Will It Work Here? Site Assessment to Determine Suitability for Passive Treatment of Nitrogen

Tuesday, August 8, 2017: 1:10 p.m.
Marcel Belaval , U.S. Environmental Protection Agency, Region 1, Boston, MA
Danna Truslow , WaterVision LLC, Portsmouth, NH
Jeffrey Barbaro , U.S. Geological Survey, Northboro, MA
Denis R. LeBlanc , U.S. Geological Survey, Northborough, MA
Tom Cambareri , Cape Cod Commission, Barnstable, MA
Scott Michaud , Cape Cod Commission, Barnstable, MA, MA

Nitrogen loading to embayments and the resulting eutrophication of estuaries are among the most pressing environmental challenges faced by communities on Cape Cod. Currently, local and regional governments are engaged in a planning process to address nutrient pollution in embayments, the largest controllable source of which is septic systems. In the hydrogeologic setting of Cape Cod, high densities of septic systems distributed across the landscape produce large areas of elevated inorganic nitrogen in the aquifer. While nutrient reduction via sewering is one option communities are implementing, communities are also exploring approaches that provide alternatives to conventional sewering. One such alternative approach is the use of permeable reactive barriers (PRBs) using carbon based media for remediation of nitrate in groundwater.

In 2015, the U.S. Environmental Protection Agency, with assistance from the U.S. Geological Survey and the Cape Cod Commission, developed an assessment protocol to identify hydrologic site conditions appropriate for use of PRBs under typical Cape groundwater and nitrogen source circumstances. The protocol was applied at five potential PRB sites in the towns of Falmouth, Barnstable, Orleans, Mashpee, and Dennis. Sites were selected following an earlier regional-scale evaluation of candidate sites that utilized available data such as expected nitrogen loading, modeled groundwater elevation and flow direction, and distance to receiving surface waters. At each of the sites, a series of monitoring wells was installed to measure hydraulic gradients, monitor water quality and characterize aquifer materials. The protocol developed for site assessments helps define the level of effort needed to determine the suitability of a site for PRB treatment. The results from using this protocol underscore the importance of collecting site-specific hydrologic data before concluding that PRB treatment is an appropriate alternative approach to remediate nitrogen, even in settings where elevated groundwater nitrogen may impact large areas of an aquifer.

Marcel Belaval, U.S. Environmental Protection Agency, Region 1, Boston, MA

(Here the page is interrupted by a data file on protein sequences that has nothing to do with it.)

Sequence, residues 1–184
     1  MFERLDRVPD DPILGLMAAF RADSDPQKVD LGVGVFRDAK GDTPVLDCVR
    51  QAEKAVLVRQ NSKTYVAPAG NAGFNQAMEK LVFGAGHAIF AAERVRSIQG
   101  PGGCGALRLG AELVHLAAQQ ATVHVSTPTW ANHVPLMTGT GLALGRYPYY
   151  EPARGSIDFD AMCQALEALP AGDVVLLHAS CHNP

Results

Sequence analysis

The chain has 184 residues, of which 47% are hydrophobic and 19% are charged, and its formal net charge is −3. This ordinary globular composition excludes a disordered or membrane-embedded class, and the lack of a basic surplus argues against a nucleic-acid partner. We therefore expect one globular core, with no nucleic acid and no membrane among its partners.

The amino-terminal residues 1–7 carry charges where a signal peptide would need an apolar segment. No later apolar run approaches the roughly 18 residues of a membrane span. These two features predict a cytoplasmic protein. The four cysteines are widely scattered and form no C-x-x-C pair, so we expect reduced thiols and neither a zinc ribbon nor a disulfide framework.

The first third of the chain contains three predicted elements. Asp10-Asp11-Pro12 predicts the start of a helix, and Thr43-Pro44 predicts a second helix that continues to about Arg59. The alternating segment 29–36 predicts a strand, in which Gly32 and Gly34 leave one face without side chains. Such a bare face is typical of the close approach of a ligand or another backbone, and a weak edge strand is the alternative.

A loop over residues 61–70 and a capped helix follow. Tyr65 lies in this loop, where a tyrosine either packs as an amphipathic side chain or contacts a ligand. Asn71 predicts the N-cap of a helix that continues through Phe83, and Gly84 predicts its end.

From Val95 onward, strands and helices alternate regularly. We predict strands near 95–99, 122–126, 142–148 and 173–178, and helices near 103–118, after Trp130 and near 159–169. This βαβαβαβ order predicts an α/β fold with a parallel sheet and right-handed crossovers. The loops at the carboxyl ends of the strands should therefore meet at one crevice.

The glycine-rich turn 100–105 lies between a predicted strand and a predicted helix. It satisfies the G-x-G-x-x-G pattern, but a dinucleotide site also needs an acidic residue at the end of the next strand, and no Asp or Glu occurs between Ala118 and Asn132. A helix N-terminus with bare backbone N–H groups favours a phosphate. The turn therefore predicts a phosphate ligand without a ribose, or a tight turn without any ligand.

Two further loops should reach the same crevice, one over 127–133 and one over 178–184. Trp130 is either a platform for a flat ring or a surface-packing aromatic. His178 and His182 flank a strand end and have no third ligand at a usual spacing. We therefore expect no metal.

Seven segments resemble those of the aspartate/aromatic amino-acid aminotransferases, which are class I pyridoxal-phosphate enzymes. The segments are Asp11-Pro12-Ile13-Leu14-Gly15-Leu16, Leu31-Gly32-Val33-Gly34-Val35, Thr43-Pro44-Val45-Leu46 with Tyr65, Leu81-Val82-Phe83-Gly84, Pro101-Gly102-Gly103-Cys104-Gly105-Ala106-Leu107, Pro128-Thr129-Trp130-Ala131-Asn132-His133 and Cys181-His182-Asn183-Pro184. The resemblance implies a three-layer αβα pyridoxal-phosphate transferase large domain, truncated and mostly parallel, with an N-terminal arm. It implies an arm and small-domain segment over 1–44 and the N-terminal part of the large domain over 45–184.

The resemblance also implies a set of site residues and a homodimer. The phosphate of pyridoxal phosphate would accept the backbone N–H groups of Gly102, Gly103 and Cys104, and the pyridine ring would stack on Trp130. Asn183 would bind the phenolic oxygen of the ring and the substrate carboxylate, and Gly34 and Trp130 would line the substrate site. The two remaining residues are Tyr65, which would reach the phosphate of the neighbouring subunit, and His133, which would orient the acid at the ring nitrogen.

Marcel Belaval is a Hydrologist with the U.S. Environmental Protection Agency, New England Regional Office where he provides technical support for groundwater issues including contamination, protection, and supply issues. He has an M.S. in Geophysics from Boston College and a B.S. in Geology from the University of Connecticut.

Danna Truslow, WaterVision LLC, Portsmouth, NH
Principal, WaterVisionLLC

Jeffrey Barbaro, U.S. Geological Survey, Northboro, MA

Denis R. LeBlanc, U.S. Geological Survey, Northborough, MA
Denis LeBlanc is a hydrologist with the U.S. Geological Survey in Northborough, Mass. He is project leader of the USGS Cape Cod Toxic Substances Hydrology Research Site and also coordinates the USGS technical assistance to the groundwater cleanup at the Joint Base Cape Cod military reservation. Denis received a B.S. in Hydrology from the University of New Hampshire and an M.S. in Civil and Environmental Engineering from MIT. He joined the USGS in 1975, and since then has been involved in many studies of the groundwater resources of Cape Cod.

Tom Cambareri, Cape Cod Commission, Barnstable, MA
Tom Cambareri manages the Water Resources Program of the Cape Cod Commission. He has 30 years of experience in Cape Cod water resource issues. He has an M.S. in geology with a focus on hydrogeology from the University of Massachusetts Amherst. He is a certified groundwater professional and a Massachusetts licensed site cleanup professional. Cambareri has participated with numerous local and regional groups focusing on the protection and restoration of water quality and is an appointed member to the Massachusetts Water Resources Commission. He is a key person in the commission’s technical and regulatory review of comprehensive wastewater management plans.

Scott Michaud, Cape Cod Commission, Barnstable, MA, MA